Leaving Islam




Turkey : EU Says ‘Freedom of Religion’ Or Else

J. Grant Swank, Jr.


The European Union has given Turkey a mandate. It is to open the entire country to freedom of religious _expression.

Now of course Muslims rule and Islam is the nation’s religion. Those of other religions live constantly with discrimination in various dimensions. But if Turkey ever hopes to enter the EU membership, it will have to comply with the following, according to Asia-News/Forum 18:

The European Commission specified the following measures for Turkey to take:

· it must fully protect "freedom of religion" by adopting a law comprehensively addressing all the difficulties faced by non-Muslim religious minorities and communities in line with the relevant European standards;

· "suspend all sales or confiscation of properties" belonging to non-Muslim religious community foundations pending the adoption of the above law;

· adopt and implement as soon as possible provisions concerning "the exercise of freedom of thought, conscience and religion by all individuals and religious communities in line with the ECHR, taking into account the relevant recommendations of the Council of Europe's Commission against Racism and Intolerance;

· establish conditions for the functioning of these communities, in line with the practice of Member States, including legal and judicial protection of the communities, their members and their assets, teaching, appointing and training of clergy, and the enjoyment of property rights;

· protect the right of each community to organize itself in ways other than as a foundation and to choose its leaders free from government interference. (The government has often removed individuals from boards of directors, something that the Armenian Apostolic and Greek Orthodox foundations know all too well.)"

At present, it seems impossible for Muslim Turkey to comply with the above, let alone with any one item in the above. The stipulations are so foreign to the Muslim hold on Turkey that to expect that Islamic politic to open cordial doors of religious freedom to others is a pipe dream.

Turkey’s parliament has debated for decades regarding religious freedom; but it has come to naught.

If Turkey complied to the EU statement, there would not only be religious _expression permitted but church properties taken over by the government would have to be returned. Some of them have been destroyed; therefore, monetary compensation would be expected.

There are some Turkish regions that are openly hostile to those of other religions. Therefore, of course it is hard to break the hard back of habit’s entrenchment based on prejudice.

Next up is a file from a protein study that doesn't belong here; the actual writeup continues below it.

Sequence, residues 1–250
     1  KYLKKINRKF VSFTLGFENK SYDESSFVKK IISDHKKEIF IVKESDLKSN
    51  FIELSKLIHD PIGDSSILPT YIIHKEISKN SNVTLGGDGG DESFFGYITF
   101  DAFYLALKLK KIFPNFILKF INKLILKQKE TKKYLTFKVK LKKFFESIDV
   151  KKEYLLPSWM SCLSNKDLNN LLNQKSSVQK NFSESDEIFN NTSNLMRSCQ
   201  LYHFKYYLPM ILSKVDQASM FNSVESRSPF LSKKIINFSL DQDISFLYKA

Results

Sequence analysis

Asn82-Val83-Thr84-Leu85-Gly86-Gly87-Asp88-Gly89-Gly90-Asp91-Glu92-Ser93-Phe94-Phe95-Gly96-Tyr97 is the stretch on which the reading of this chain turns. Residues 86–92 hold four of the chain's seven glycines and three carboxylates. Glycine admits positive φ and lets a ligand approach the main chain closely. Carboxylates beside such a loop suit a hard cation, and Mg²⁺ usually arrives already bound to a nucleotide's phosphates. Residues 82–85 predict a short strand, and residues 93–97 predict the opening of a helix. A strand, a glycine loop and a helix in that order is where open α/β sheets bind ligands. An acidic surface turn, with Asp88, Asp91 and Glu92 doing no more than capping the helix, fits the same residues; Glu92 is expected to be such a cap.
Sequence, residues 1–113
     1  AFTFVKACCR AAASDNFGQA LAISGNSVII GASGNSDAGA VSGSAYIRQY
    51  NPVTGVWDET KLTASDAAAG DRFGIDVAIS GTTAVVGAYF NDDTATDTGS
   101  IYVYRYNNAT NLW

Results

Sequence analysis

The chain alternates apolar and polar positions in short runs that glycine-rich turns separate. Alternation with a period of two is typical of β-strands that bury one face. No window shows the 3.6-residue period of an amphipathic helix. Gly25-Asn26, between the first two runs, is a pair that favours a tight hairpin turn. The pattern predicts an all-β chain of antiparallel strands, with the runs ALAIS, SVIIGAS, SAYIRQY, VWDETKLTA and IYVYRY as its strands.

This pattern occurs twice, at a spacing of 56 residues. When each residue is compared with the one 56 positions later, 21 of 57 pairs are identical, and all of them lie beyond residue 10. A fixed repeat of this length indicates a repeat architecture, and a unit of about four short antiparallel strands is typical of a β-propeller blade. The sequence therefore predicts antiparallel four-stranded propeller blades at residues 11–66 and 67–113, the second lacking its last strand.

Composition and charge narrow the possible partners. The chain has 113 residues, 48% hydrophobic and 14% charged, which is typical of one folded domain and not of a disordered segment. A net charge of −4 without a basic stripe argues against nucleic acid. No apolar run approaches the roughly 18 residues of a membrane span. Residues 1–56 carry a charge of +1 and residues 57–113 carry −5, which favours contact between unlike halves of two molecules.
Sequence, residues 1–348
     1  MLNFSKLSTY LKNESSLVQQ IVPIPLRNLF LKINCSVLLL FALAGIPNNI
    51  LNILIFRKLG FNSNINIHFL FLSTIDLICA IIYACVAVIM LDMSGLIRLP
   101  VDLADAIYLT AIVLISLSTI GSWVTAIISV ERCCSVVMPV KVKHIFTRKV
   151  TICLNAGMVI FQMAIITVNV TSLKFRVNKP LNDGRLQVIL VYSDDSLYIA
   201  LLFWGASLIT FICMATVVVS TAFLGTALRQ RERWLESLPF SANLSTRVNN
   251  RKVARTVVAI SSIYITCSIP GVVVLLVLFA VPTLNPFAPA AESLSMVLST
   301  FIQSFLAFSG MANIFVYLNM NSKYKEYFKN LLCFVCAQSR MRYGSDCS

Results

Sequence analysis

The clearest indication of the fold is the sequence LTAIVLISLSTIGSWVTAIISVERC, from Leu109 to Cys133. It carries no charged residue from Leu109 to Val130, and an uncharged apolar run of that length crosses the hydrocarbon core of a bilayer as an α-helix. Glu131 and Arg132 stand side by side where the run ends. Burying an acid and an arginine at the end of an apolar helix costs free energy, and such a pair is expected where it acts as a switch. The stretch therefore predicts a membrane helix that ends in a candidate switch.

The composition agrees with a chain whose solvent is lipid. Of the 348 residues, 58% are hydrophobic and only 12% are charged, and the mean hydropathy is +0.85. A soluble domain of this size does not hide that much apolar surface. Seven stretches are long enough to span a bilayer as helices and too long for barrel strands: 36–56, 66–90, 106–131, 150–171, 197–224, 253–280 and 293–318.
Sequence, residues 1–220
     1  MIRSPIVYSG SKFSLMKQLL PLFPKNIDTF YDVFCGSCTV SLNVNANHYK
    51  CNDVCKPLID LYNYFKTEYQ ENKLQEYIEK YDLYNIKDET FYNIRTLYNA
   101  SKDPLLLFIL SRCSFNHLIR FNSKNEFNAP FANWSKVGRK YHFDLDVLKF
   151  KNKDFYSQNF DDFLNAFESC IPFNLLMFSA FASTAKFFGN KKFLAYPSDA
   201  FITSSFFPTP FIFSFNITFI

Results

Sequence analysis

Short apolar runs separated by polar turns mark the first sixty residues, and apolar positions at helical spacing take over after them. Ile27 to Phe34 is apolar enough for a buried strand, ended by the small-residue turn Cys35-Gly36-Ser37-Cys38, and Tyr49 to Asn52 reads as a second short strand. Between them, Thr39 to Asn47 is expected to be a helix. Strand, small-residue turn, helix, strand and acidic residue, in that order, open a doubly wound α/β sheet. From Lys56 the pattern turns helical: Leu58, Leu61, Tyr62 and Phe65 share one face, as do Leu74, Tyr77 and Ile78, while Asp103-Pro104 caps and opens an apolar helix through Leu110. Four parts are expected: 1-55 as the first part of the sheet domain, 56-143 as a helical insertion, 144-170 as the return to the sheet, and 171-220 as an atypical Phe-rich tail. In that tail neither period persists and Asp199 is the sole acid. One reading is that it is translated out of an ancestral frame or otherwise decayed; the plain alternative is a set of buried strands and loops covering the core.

In addition, Turkey does not trust entities with religious titles. Turkey does not know what entities to trust as genuinely religious or scams appearing to be religious organizations.

Further, the Turkish constitution would have to be changed, "bringing in an accompanying law to concretely introduce full individual and collective religious freedom rights." To the Muslim mindset, this is heresy.

To those who believe that Islam world rule is the next planetary plateau, to grant religious freedom in a stubbornly ensconced country like Muslim Turkey is unthinkable. Therefore, there would be much opposition. However, if Turks want EU membership, they have to comply with the EU mandate and not cower before their own military-backed entrenchment.

In addition, Islamics despise and at times kill those who move from Muslim to another religious faith. How then could Muslims honor that stipulations in the EU mandate? Those who leave Allah are considered the worst of the worst. They fear for their lives. They are tortured, cast out of the house, treated as if they are dead, and at times publicly ridiculed beyond belief. Frequently, they are killed.

Presently, the constitution "includes no guarantees about the freedom to change one's faith or to join together with others in religious communities. No guarantee is given to religious communities' right to organize themselves freely as they choose, own property directly, and have legal recognition. That is why the constitution must fall in line with Art. 9 of the European Convention on Human Rights (ECHR), which guarantees full religious freedom.

"This right includes freedom for individuals to change religion or belief, ‘and freedom, either alone or in community with others and in public or private, to manifest his religion or belief, in worship, teaching, practice and observance.’"

Granted, there are some in Turkey who want the EU mandate operative. But they fear speaking up in case their positions would provoke the powerful military. In other words, freedom of speech is not operative in Turkey, let alone freedom of religious _expression.


Copyright © 2005 by J. Grant Swank, Jr.

Web: http://www.truthinconviction.us/weblog.php

Email: [email protected]  






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